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Ontario Tech acknowledges the lands and people of the Mississaugas of Scugog Island First Nation.

We are thankful to be welcome on these lands in friendship. The lands we are situated on are covered by the Williams Treaties and are the traditional territory of the Mississaugas, a branch of the greater Anishinaabeg Nation, including Algonquin, Ojibway, Odawa and Pottawatomi. These lands remain home to many Indigenous nations and peoples.

We acknowledge this land out of respect for the Indigenous nations who have cared for Turtle Island, also called North America, from before the arrival of settler peoples until this day. Most importantly, we acknowledge that the history of these lands has been tainted by poor treatment and a lack of friendship with the First Nations who call them home.

This history is something we are all affected by because we are all treaty people in Canada. We all have a shared history to reflect on, and each of us is affected by this history in different ways. Our past defines our present, but if we move forward as friends and allies, then it does not have to define our future.

Learn more about Indigenous Education and Cultural Services

April 8, 2015

Speaker: Professor Cosmin Munteanu, University of Toronto Mississauga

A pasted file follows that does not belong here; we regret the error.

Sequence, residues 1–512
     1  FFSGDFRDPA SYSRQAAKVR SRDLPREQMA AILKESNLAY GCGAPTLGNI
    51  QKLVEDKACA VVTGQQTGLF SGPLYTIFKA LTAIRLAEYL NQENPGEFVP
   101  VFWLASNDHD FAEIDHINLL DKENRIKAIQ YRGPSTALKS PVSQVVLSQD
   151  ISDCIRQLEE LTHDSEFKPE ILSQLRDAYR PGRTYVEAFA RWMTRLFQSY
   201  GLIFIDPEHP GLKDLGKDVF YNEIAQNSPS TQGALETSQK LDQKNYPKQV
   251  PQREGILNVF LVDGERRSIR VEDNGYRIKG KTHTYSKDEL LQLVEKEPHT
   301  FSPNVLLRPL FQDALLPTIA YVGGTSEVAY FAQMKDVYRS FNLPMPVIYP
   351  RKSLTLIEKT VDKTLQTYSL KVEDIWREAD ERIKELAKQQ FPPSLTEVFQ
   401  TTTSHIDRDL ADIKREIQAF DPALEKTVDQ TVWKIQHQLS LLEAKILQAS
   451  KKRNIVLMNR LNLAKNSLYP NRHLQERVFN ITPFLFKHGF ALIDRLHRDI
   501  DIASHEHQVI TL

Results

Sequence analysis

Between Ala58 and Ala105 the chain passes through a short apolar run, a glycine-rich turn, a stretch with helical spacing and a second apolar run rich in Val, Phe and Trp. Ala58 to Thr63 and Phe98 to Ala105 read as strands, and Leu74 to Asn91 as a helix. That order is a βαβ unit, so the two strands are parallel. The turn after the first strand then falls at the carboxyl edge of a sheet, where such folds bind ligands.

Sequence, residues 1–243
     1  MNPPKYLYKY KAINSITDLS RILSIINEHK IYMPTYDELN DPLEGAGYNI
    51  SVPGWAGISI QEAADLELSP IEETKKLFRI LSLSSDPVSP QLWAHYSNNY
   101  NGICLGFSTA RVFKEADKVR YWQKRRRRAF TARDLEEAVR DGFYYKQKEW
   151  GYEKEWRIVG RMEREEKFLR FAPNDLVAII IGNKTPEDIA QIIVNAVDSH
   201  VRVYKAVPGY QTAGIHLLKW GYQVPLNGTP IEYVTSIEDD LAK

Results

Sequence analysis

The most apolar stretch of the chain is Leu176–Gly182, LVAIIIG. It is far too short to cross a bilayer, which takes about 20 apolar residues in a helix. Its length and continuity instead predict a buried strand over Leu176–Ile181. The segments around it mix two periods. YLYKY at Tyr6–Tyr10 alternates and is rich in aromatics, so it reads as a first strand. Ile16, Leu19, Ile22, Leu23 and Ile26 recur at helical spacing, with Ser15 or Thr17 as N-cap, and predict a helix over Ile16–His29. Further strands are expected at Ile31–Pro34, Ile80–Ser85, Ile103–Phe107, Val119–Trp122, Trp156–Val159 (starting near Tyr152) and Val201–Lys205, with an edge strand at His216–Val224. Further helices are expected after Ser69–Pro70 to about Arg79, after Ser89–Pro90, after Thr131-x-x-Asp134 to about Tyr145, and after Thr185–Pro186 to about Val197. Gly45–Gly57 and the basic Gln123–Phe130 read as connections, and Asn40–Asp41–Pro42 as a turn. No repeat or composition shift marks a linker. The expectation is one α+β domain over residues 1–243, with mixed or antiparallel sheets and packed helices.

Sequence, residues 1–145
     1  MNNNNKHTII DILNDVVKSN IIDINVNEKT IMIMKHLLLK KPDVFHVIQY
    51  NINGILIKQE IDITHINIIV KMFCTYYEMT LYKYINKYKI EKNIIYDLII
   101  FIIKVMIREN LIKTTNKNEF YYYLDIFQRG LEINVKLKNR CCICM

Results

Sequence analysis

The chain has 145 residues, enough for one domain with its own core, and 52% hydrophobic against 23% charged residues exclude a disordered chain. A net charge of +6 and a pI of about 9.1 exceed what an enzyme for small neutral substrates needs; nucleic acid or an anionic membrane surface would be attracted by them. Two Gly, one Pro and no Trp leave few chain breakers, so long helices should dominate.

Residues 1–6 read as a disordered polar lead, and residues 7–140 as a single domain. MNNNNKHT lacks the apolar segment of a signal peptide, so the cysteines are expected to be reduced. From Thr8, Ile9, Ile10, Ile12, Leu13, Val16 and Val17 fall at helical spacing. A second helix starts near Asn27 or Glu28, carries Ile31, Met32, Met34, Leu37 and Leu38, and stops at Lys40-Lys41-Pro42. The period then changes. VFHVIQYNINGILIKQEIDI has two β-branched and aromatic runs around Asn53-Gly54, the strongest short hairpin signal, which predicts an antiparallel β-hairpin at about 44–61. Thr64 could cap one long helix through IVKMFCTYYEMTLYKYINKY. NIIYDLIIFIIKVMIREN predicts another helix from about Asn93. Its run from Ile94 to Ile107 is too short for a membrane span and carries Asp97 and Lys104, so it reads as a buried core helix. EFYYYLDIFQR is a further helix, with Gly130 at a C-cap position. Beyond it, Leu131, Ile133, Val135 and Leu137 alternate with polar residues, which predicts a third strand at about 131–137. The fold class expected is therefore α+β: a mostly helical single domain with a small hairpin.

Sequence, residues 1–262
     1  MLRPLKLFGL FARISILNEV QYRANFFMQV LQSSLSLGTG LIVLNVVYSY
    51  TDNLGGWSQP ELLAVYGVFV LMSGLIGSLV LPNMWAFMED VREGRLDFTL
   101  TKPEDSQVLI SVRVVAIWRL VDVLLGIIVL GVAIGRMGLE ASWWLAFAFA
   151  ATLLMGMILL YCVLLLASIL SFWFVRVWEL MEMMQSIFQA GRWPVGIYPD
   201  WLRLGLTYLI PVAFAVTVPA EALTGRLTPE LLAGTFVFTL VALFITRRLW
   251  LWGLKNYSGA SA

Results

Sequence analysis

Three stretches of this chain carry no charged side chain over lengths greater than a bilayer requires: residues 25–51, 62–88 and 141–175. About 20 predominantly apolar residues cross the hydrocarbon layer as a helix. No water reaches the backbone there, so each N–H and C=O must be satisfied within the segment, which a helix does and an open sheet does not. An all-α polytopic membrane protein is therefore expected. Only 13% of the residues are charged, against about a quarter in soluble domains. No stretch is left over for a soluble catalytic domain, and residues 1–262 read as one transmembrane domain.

Title: Breaking the barriers of conventional interfaces: natural interactions with assistive technologies

Abstract: Humans' natural abilities have allowed us to interact with the surrounding environment in complex ways, from easily manipulating physical objects to communicating with others through speech. Yet when we interact with many digital technologies, we largely do so by ceding direct control and instead employing (digital) proxies. For marginalized user groups, such interactions may present insurmountable barriers that only widen our information-centric society's digital divide. While speech and multimodal interaction are often challenging computationally, I have shown in my research that, despite their inherent lack of accuracy, they can empower the users and allow them to interact in almost material ways with digital artefacts. This has the potential to make assistive technologies more interactive and more adoptable by their users. In this talk, I will briefly discuss how speech processing, despite its inherent limitations, can be used to enhance current interaction paradigms. I will then argue that such natural interactions can enable humans to break the barriers of conventional interfaces and be particularly useful in improving marginalized users' interaction with assistive technologies. To support this, I will present several examples of multimodal assistive technologies that support older adults and low-literacy adults in their daily lives.